Please see below (after the transcript and show notes) for links to news and upcoming events.
From the Cumberland Gap to the Atlantic Ocean, this is Virginia Water Radio for the week of November 28, 2011.
This week we feature another mystery sound. Have a listen for about 20 seconds and see if you can guess what kind of winter Virginia visitor is making these calls. And here’s a hint: the name might suggest looking graceful in a very cold place.
If you guessed Tundra Swans, you’re right! Tundra Swans, formerly called Whistling Swans, breed in the Arctic but winter along the Atlantic, Pacific, and Gulf coasts. In Virginia, the birds are found between November and March around the Chesapeake Bay, on the Eastern Shore, and in Back Bay in Virginia Beach. Tundra Swans are one of three swan species potentially found in Virginia. Non-native Mute Swans live year-round on park land and golf courses but also in natural habitats, where their aggressive behavior can displace Tundra Swans and other native birds. And Trumpeter Swans historically migrated through Virginia, but by the 1900s commercial harvests, habitat loss, and pollution had removed this species from most eastern U.S. areas. Decades of conservation efforts, however, are helping restore Trumpeter Swan populations. Thanks to Lang Elliott of NatureSound Studio and to the U.S. Fish and Wildlife Service for permission to use this week’s recordings.
For other water sounds and music, and for more Virginia water information, visit our Web site at virginiawaterradio.org, or call us at (540) 231-5463. From the Virginia Water Resources Research Center in Blacksburg, I’m Alan Raflo, thanking you for listening, and wishing you health, wisdom, and good water.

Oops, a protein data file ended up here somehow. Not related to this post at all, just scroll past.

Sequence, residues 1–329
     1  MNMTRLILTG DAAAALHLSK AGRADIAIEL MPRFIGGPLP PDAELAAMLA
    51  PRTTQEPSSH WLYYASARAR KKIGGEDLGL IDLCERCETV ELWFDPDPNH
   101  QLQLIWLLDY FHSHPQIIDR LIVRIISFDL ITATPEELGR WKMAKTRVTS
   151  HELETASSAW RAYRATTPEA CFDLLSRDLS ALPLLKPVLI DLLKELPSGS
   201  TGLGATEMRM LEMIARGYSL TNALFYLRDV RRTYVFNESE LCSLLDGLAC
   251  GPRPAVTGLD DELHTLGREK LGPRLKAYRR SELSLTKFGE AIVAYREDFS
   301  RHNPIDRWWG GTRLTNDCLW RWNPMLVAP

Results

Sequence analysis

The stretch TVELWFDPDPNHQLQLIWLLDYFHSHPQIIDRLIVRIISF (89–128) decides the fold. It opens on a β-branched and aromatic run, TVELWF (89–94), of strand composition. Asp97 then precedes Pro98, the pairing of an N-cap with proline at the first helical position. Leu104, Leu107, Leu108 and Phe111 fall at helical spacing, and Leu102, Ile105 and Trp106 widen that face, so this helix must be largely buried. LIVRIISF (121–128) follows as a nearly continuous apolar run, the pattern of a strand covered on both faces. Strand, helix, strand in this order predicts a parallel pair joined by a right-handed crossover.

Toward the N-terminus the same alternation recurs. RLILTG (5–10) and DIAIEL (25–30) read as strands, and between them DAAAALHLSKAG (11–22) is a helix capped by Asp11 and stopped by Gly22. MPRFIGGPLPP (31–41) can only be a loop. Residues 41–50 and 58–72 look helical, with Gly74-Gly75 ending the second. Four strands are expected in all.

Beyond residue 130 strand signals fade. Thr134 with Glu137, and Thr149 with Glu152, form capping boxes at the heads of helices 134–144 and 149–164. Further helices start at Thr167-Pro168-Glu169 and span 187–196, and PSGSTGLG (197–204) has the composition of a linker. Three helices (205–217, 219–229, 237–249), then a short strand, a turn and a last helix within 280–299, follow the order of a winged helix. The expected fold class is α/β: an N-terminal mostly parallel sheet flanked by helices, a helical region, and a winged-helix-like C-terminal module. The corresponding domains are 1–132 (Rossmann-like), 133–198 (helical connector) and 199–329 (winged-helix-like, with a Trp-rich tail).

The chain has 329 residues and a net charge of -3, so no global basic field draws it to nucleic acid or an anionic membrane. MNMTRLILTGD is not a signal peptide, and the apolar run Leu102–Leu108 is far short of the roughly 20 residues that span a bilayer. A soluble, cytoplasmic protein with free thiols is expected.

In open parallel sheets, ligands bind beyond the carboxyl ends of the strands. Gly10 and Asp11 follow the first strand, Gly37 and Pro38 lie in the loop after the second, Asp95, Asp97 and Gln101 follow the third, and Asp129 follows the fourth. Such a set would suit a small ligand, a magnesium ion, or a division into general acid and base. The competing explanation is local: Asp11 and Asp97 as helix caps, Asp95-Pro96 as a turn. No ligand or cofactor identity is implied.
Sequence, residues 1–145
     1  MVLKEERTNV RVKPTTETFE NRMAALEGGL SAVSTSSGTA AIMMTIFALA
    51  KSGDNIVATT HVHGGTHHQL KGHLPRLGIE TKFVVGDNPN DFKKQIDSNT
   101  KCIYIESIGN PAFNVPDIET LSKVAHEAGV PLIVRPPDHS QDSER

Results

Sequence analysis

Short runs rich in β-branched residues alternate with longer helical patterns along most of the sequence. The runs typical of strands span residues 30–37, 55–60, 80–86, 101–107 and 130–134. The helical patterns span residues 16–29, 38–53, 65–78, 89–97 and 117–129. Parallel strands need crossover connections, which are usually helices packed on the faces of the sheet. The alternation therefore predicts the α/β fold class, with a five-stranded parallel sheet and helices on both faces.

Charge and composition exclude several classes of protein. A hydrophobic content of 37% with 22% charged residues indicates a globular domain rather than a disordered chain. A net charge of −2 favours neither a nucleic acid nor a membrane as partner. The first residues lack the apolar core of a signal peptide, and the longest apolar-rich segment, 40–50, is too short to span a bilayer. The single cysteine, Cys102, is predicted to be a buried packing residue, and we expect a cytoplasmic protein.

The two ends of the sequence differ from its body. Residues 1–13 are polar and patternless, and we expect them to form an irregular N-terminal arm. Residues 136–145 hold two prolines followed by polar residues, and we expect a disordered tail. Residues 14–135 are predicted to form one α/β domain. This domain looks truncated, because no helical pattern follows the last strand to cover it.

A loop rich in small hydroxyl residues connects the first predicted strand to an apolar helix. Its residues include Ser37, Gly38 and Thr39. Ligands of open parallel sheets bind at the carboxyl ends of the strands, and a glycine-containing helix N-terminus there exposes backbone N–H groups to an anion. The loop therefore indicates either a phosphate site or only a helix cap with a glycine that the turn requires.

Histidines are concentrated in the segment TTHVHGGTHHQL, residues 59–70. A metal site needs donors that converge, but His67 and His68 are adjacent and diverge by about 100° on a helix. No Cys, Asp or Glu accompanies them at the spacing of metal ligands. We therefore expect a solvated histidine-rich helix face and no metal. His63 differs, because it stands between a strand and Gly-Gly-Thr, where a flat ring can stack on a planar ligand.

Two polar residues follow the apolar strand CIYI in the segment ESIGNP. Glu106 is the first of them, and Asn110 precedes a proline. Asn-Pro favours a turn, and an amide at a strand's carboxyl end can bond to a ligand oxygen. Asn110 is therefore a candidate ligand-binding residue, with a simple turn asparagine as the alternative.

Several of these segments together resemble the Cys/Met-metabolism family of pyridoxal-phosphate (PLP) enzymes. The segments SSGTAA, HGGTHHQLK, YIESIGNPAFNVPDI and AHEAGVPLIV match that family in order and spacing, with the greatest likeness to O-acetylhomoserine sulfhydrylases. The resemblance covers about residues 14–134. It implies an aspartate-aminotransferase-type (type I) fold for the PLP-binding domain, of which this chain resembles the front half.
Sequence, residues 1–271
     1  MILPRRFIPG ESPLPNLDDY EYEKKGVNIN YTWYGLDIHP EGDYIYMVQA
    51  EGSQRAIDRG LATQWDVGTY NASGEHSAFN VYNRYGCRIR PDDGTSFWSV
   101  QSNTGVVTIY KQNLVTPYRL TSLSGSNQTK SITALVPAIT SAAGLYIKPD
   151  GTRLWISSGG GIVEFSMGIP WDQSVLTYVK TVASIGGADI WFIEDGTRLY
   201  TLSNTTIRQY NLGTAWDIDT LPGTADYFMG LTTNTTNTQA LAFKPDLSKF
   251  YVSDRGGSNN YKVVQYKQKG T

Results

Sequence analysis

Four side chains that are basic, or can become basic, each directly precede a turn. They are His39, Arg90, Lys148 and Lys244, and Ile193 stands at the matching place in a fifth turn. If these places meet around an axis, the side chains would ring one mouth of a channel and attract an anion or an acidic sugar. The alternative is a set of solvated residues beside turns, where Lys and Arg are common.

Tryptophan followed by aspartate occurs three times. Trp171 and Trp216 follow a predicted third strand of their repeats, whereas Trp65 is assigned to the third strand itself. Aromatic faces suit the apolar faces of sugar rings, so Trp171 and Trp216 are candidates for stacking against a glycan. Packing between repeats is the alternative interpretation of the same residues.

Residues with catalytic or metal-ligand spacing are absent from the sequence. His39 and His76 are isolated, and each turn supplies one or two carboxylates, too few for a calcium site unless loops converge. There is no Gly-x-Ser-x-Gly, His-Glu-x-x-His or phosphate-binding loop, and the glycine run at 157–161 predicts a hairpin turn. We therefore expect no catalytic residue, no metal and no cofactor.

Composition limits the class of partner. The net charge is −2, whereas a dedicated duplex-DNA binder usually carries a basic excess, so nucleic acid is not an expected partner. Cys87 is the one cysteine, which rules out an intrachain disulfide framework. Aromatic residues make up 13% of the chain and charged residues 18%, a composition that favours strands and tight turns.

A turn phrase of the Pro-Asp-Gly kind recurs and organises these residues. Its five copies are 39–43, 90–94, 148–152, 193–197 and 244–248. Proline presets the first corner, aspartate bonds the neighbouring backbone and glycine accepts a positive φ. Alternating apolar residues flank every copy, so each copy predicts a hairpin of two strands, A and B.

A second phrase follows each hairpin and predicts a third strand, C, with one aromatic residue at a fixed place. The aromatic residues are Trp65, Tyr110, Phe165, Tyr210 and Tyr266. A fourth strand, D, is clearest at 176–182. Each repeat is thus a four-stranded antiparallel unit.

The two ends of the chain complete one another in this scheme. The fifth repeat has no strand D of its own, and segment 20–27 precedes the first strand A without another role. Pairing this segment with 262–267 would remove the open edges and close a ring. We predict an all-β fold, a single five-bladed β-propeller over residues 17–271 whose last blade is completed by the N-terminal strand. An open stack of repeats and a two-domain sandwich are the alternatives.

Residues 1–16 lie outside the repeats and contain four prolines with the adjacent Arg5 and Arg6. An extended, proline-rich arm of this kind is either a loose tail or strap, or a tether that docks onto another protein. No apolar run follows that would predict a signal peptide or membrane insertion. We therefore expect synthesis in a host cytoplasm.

Acknowledgments: The sounds of individual Tundra Swan calls (first set of sounds) were taken from “Tundra Swan” on the Stokes Field Guide to Bird Songs-Eastern Region CD set, by Lang Elliott with Donald and Lillian Stokes (Time Warner Audio Books, copyright 1997), used with permission of Lang Elliott and NatureSound Studio (online at http://www.naturesound.com/; the sound of a Tundra Swan flock was taken from the U.S. Fish and Wildlife Service’s Sound Clips Web site at http://www.fws.gov/video/sound.htm, and from The Fish and Wildlife Service recording was previously included in Virginia Water Radio Episode 20 (week of June 7, 2010).
Sources: Information about Tundra Swans and other swans was taken from Life in the Chesapeake Bay-3rd Edition, by Alice Jane Lippson and Robert L. Lippson (Baltimore: Johns Hopkins University Press, 2006), pp. 161-162; A Guide to Field Identification of Birds of North America, by Chandler S. Robbins et al. (New York: St. Martin’s Press, 2001); the Virginia Department of Game and Inland Fisheries’ (DGIF) Fish and Wildlife Information Service Web site at (http://vafwis.org/fwis/?Title=VaFWIS+Species+Information; the DGIF’s “Tundra Swan Trax” Web page at http://www.dgif.virginia.gov/wildlife/swan/descriptions.asp; Cornell University Lab of Ornithology’s “All About Birds” Web site at http://www.allaboutbirds.org; and the Cornell Ornithology Lab’s “Birds of North America Online” Web site at http://bna.birds.cornell.edu/bna (subscription needed for this Web site).
Recent Virginia Water News
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Water Meetings and Other Events
For events related to Virginia's water resources, please visit the Quick Guide to Virginia Water–related Conferences, Workshops, and Other Events, online at http://virginiawaterevents.wordpress.com/. The site includes a list of Virginia government policy and regulatory meetings occurring in the coming week.